every heap tuple. That's a lot of overhead, especially on tables with
narrow rows. Reduction in header size would give us considerable space
and I/O savings.
I'm thinking of removing cmin and cmax, and keeping that information in
backend-private memory instead. cmin and cmax are only interesting to
the inserting/deleting transaction, so using precious tuple header space
for that is a waste. This has been discussed before, and Manfred Koizar
even had a patch for 7.4 but didn't submit it because it was incomplete
BTW: Manfred, do you still have the patch? It'd be interesting to look
at, even if it's not finished.
This reduces the tuple header size by 4 bytes, or 8 bytes if we can
later get rid of xvac as well.
There's some interesting properties we can exploit in implementing the
1. in small OLTP transactions that touch few rows, the cmin/cmax
information will easily fit in memory.
2. if current commandid == 1, every tuple with xmin == current xid is
not visible. Similarly, every tuple with xmax = current xid is visible.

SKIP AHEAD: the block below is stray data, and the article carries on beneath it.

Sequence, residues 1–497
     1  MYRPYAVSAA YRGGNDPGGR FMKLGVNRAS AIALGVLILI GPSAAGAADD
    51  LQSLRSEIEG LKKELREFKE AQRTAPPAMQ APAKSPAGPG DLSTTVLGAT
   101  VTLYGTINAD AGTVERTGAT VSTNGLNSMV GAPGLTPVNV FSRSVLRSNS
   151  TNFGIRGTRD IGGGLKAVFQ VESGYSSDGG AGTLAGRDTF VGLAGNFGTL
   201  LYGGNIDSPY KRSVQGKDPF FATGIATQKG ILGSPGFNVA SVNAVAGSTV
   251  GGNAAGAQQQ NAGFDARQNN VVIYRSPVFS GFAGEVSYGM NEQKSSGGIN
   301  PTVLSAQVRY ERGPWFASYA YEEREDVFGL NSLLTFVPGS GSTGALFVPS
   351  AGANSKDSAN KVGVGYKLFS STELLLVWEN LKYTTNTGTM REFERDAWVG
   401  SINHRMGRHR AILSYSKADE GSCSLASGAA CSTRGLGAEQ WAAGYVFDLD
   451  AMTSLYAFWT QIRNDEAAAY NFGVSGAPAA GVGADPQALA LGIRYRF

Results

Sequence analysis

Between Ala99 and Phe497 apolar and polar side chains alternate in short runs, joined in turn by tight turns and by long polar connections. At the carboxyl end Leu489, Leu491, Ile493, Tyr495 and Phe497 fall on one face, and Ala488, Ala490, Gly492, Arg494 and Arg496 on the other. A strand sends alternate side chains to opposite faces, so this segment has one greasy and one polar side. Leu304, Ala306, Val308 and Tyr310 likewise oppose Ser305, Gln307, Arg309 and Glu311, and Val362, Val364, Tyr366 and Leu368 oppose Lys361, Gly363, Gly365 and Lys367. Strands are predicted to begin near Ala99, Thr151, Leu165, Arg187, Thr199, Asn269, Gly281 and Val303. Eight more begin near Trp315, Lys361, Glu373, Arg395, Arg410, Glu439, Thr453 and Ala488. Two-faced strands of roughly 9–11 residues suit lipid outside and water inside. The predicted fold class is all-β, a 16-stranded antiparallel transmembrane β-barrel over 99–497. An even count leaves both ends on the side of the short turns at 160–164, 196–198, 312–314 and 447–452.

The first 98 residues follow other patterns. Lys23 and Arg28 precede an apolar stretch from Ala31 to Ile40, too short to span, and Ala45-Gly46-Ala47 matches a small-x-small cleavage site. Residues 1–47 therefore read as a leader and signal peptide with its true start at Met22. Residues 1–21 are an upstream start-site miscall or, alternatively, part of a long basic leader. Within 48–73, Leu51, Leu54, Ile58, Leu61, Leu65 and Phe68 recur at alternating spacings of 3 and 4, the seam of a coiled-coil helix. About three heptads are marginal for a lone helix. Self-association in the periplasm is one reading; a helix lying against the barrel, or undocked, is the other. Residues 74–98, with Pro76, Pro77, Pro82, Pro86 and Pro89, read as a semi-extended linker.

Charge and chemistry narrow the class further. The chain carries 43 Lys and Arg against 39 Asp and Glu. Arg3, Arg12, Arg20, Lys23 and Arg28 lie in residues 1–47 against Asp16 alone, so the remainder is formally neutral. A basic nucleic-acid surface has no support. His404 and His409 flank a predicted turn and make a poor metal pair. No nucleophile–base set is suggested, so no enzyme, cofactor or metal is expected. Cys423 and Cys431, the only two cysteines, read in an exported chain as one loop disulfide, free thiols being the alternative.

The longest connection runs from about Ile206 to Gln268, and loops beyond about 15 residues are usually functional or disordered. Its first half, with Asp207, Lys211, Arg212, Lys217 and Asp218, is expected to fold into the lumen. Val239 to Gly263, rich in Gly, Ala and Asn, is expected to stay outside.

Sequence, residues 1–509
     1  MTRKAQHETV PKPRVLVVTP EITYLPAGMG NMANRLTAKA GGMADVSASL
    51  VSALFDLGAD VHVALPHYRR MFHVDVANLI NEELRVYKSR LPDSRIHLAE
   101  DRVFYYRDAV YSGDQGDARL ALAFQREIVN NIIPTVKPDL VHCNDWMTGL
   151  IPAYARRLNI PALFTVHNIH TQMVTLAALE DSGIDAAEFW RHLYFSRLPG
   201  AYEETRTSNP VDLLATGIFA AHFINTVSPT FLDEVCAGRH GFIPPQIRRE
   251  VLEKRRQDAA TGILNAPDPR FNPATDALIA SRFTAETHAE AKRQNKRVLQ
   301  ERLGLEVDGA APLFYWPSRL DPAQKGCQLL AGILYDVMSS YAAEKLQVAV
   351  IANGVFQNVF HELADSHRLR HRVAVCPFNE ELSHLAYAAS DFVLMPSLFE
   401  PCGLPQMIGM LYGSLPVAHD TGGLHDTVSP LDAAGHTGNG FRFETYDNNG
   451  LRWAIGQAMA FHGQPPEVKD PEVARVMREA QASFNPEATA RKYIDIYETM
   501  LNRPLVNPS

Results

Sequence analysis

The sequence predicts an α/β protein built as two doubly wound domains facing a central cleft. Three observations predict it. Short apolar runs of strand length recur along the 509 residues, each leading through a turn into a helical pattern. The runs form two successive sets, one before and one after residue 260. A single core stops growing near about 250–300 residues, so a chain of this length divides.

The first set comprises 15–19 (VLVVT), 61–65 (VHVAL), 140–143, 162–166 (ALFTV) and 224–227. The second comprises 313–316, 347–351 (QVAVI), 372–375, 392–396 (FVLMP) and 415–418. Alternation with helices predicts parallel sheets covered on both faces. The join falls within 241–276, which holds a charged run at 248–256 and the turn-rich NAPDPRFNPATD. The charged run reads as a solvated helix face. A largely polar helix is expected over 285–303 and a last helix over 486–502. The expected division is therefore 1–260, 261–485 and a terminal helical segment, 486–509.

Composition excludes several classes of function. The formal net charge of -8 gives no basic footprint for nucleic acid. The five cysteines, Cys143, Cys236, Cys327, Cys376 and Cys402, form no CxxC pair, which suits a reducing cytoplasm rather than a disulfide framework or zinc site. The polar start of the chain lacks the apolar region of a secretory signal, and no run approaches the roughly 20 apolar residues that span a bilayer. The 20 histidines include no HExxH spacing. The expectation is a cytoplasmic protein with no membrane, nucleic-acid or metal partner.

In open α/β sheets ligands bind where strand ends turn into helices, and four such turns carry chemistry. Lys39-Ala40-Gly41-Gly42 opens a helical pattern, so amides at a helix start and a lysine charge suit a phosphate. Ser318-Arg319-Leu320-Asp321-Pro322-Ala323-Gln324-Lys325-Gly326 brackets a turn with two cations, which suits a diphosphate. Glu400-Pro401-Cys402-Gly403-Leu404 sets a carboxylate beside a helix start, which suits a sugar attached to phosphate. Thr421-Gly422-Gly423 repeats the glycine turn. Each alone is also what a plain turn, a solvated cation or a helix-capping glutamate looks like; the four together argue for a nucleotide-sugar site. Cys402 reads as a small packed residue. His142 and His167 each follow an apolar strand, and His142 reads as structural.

So we don't need to store anything for the first command in a transaction.
3. we can forget modifications by command X as soon as there's no live
snapshots with curcid <= X.
4. we don't need to record the information, if there's no live
snapshots, and we know that the current command is not going to read
These optimizations take care of bulk inserts nicely. In particular,
pg_restore and similar applications wouldn't need to keep track of
By choosing a clever data structure, we might be able to get away
without spilling to disk. For example, a hash table works great for
small transactions. If a transaction does bulk modifications, a bitmap
per relation could be used. And to optimize for the cases when the
information is not actually used, we can just collect the information to
an array, and turn it into a more lookup-friendly data structure the
first time it's needed.
Even if we do have to spill to disk on large transactions that do
massive updates and selects, it would still be a win for most databases.
And it penalizes the transactions that do massive updates, instead of
every transaction in the system as we do now.